Date: 10th June 2022
Presenter: Phillip Hohenberger
Book: Plessner, Helmuth. Levels of Organic Life and the Human.
Chapter: VI. The Sphere of the Animal (second half, 242-266)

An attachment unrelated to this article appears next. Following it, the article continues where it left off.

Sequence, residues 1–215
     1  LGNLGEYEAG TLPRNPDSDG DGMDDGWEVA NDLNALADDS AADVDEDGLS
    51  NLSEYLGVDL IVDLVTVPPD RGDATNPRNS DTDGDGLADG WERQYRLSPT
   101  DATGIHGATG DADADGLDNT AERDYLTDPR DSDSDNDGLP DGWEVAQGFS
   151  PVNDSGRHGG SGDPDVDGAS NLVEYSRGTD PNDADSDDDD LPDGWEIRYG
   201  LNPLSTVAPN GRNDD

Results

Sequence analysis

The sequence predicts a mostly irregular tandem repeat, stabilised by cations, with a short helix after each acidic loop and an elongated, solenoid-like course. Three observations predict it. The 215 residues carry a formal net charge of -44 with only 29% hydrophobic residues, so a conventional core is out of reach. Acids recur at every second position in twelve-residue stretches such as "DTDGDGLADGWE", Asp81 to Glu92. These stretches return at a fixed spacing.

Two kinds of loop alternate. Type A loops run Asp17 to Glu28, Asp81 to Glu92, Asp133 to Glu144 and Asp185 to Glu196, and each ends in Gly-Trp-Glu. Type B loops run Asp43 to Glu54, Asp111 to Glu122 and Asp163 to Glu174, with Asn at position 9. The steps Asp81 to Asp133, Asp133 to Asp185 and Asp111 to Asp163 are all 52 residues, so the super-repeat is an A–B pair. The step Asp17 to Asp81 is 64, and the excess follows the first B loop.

*featured image: Red vetchling (Lathyrus cicera, sl. čičkasti grahor) is an annual species of wild pea. It grows in (Mediterranean) grasslands, bushland and thicket in Southern Europe, Northern Africa and Middle East (the easternmost part of its range is in Kazakhstan and Pakistan). Red-flowering species are very rare in temperate climates, since their colour is insignificant to the pollinators found in these climates – the insects. The latter cannot see the red colour, as their frequency response is shifted into the ultraviolet. In the tropical climates, however – or, more broadly, wherever the hummingbirds live – red-flowering species can be prevalent, as they are pollinated by the birds. Birds are tetrachromats, meaning they can see red, green, blue and UV, so they find red-coloured objects attractive. The latter is the result of the coevolution of hummingbirds and red-flowering species they pollinate, and also of the frugivore bird species in other climate zones and red-fruiting plants, e. g., mountain ash (Sorbus aucuparia, sl. jerebika), guelder rose (Viburnum opulus, sl. brogovita) and Cornelian cherry (Cornus mas, sl. rumeni dren).